A Travel Notes: Egek, Traditional Conservation Culture of the Moi Tribe

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The territorial waters of the Malaumkarta which are enforced egek. (EcoNusa Foundation)

Eastern Indonesia has many cultures and traditions, including in protecting nature. For example, communities in Tanah Papua and the Maluku Islands who live in coastal areas and islands are familiar with the term sasi.

Sasi is an area that is mutually agreed upon by the community in a participatory way to take and manage the forests and oceans potentials. Sasi is also interpreted as a way to regulate sustainability traditionally by a group of people in a village or clan.

Long before the term sasi was used, there was another term regarding the concept of sustainable use of space that exists in every tribe or indigenous people in Papua. For example the Moi tribe, which is an indigenous tribe that inhabits the western peninsula of Papua or the Malamoi region, has long carried out the practice of using space with its own context and understanding, called egek.

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Egek is one of the territorial divisions of the Moi tribe. They have divided the concept of using space or area zones which consist of:

  1. Soo (sacred or white) is a special core zone for the Moi tribe. This zone cannot be traversed, let alone cut trees within this area. In Moi cosmology, soo is a place for the spirits of the clan that owns soo to wait on God. This zone can only be passed by the alumni of traditional kambik education.
  2. Kofok (sacred place) is a zone that stores history and clan totems. This zone is included in the core and buffer zone of the soo zone. Kofok is impassable and no extraneous sounds are allowed.
  3. Egek is a limited use zone, there are times when the people can take resources on an area (when the egek is opened) and there are times when the area is forbidden (when the egek is closed). Usually the Moi tribe performs prohibitions or egek in sago hamlets, fish ponds, and places for birds of paradise (kelnaing). Egek has high value because it stores natural logistics that are important for the sustainability of indigenous peoples’ lives, especially sustainability for posterity.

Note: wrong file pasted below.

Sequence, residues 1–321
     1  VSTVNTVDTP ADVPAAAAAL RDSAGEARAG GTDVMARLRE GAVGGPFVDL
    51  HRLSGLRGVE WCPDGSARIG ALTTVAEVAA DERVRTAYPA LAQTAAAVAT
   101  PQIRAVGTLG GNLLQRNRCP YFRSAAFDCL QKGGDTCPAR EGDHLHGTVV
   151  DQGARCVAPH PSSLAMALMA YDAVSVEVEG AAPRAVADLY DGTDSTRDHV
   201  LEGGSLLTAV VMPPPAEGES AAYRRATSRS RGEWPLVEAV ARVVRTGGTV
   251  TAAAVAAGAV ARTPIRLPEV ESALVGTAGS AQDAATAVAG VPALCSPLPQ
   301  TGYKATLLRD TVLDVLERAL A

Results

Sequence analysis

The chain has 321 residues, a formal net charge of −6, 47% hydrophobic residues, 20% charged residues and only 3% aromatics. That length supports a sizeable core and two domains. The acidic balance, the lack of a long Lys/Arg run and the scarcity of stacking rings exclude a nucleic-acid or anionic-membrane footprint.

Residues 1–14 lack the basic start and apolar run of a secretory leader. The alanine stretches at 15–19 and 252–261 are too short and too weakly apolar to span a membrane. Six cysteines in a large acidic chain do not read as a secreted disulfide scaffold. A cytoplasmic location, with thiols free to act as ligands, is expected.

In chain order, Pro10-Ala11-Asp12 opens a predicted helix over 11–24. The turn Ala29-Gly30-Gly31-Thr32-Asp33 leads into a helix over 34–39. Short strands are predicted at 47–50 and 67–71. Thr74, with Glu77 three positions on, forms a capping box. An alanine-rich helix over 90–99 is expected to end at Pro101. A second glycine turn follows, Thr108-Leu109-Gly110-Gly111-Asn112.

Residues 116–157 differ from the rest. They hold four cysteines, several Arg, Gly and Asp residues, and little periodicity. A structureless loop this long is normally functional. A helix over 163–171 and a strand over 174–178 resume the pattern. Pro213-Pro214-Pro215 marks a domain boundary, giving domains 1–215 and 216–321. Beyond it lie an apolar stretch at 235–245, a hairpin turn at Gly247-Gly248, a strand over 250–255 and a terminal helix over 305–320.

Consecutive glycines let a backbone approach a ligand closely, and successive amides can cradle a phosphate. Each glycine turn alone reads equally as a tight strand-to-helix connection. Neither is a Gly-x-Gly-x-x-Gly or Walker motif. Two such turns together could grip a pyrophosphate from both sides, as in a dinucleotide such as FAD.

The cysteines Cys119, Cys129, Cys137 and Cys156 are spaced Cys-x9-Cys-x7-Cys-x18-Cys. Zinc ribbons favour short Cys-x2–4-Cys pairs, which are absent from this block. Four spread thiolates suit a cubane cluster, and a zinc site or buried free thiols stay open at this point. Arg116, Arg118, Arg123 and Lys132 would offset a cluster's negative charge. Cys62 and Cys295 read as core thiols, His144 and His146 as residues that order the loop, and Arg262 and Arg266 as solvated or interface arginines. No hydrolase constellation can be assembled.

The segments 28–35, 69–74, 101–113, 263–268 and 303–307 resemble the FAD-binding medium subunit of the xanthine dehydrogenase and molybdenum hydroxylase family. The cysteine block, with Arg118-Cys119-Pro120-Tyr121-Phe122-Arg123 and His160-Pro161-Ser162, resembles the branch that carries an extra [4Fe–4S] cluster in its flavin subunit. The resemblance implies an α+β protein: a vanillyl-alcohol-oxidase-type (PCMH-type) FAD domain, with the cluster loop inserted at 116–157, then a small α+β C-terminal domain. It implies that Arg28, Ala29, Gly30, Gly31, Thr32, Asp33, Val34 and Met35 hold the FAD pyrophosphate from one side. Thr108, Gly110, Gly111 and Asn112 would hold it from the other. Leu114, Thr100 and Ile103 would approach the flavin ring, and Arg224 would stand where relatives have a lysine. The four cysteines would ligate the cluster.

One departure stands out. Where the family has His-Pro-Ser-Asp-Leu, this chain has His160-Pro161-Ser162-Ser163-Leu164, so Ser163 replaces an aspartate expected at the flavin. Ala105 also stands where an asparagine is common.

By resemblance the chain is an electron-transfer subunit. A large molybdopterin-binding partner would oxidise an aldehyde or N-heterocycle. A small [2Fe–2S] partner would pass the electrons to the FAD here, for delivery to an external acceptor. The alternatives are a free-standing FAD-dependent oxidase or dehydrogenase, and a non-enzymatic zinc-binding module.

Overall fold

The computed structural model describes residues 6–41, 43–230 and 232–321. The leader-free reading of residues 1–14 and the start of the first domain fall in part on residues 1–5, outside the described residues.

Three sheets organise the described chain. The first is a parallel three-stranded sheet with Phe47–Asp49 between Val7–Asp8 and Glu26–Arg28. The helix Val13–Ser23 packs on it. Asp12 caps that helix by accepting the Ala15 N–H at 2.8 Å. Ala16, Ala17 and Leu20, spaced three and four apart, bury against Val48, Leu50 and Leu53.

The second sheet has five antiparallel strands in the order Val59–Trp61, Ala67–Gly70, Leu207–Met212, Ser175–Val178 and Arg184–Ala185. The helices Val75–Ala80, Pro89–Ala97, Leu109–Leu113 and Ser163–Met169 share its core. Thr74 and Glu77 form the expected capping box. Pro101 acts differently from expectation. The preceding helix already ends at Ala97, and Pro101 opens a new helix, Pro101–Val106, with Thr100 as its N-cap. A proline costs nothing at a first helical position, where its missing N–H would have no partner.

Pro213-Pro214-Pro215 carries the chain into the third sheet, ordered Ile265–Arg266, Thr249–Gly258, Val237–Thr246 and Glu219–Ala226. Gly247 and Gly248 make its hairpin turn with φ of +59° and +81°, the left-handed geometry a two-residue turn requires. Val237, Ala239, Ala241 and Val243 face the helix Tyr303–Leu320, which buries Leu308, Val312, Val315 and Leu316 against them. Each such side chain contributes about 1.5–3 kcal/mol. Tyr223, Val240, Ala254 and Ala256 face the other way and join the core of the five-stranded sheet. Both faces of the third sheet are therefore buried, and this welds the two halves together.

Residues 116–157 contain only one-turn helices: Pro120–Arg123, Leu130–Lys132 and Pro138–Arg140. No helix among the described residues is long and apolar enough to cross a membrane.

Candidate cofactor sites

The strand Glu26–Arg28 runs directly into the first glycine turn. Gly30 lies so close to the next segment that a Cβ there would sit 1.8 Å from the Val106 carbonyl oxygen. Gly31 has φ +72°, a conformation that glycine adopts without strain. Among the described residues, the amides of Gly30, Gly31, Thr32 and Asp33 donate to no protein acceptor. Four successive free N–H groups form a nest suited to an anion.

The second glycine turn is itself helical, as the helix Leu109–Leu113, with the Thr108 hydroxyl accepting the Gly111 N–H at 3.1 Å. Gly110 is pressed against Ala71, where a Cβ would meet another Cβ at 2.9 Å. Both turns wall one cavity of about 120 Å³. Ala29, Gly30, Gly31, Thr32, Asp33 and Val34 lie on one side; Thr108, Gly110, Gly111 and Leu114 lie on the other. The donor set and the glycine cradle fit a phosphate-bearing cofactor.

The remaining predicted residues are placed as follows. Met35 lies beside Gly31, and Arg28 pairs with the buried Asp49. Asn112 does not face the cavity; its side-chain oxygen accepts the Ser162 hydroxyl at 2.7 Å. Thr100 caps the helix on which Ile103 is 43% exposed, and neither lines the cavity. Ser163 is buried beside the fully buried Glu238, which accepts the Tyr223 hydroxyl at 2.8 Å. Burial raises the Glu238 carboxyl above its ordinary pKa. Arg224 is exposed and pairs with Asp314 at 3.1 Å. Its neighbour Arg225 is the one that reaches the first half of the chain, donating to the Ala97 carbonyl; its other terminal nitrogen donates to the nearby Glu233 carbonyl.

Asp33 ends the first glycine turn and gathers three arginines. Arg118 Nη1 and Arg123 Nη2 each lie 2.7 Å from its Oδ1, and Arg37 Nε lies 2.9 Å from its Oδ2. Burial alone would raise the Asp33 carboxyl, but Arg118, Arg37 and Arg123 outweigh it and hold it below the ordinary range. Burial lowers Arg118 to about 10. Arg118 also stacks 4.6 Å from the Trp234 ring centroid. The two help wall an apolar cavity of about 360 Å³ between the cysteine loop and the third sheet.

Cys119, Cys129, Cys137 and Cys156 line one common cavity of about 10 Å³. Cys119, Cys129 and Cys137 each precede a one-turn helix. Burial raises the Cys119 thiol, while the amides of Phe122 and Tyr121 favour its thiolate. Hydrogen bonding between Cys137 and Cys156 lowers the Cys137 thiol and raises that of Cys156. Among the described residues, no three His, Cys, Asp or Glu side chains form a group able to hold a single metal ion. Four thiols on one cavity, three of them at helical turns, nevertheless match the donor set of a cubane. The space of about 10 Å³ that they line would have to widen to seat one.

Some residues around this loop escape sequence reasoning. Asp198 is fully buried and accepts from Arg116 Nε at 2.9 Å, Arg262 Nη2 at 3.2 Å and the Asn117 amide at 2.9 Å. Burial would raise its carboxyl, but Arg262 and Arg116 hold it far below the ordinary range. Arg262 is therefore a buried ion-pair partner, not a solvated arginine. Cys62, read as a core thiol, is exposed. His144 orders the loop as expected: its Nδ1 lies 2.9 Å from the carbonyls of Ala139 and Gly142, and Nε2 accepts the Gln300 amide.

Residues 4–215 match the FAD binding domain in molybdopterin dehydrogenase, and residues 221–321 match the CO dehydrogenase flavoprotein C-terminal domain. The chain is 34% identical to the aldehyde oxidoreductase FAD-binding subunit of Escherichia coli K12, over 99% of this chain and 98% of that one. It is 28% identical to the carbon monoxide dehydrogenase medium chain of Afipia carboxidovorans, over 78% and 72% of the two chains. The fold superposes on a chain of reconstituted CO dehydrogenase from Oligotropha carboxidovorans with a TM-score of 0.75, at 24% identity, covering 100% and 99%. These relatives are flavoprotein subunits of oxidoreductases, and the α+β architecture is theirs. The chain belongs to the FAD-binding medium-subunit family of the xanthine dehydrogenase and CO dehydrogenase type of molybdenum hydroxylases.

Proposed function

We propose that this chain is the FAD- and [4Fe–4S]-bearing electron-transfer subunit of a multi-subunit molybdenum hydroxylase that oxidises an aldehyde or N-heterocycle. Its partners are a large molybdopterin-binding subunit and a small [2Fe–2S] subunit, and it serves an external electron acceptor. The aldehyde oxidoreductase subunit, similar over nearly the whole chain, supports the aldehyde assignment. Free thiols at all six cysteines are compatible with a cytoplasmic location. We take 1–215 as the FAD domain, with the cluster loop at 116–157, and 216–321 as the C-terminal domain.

Egek is applied to protect the main zone, for example the application of egek in the forest to protect sago trees, damar trees, cempedak trees, langsat, and its surrounding rivers that are inhabited by many types of fish. The implementation of egek at sea area is also carried out to protect the core zone that is determined by consensus, such as fish ponds, by marking the location.

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Egek regulates the ban for a certain period of time. Time for closing and opening egek are mutually agreed upon. When the egek is opened for harvesting the seafood, the community will invite their closest family members to harvest together.

Knowledge of egek is passed down from generation to generation in kambik schools, a traditional school of the Moi tribe, and is practiced by the tribe members as a traditional applied conservation science. Apart from egek, their traditional education also taught knowledge of traditional medicine, health sciences, agricultural science, to carpentry knowledge.

In Malaumkarta Village, the concept of traditional conservation began to be encouraged by the people in the village with the formation of a rather formal customary organization. The organizational structure is regulated and compiled by traditional leaders with reference to customary rules. The main program of implementing the traditional conservation culture or egek is to prohibit and restrict the extracting of marine products.

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The egek area covers all customary land in five villages, namely Malaumkarta, Suatolo, Sepanjangt, Malagufuk and Mibi. Communities are only allowed to catch fish manually, meaning by traditional fishing or diving. Using other fishing gears are prohibited.

To determine traditional conservation areas, the Moi tribe always bases it on available natural potential (core zone). Then it was brought together in a traditional meeting which was attended by the community and several nearby villages. The meeting was to inform local residents of the egek boundaries and the natural resources potentials that are protected.  During the meeting, an egek procession will be delivered by the executor of the traditional ceremony, one week before the closing time for the traditional conservation area (egek).

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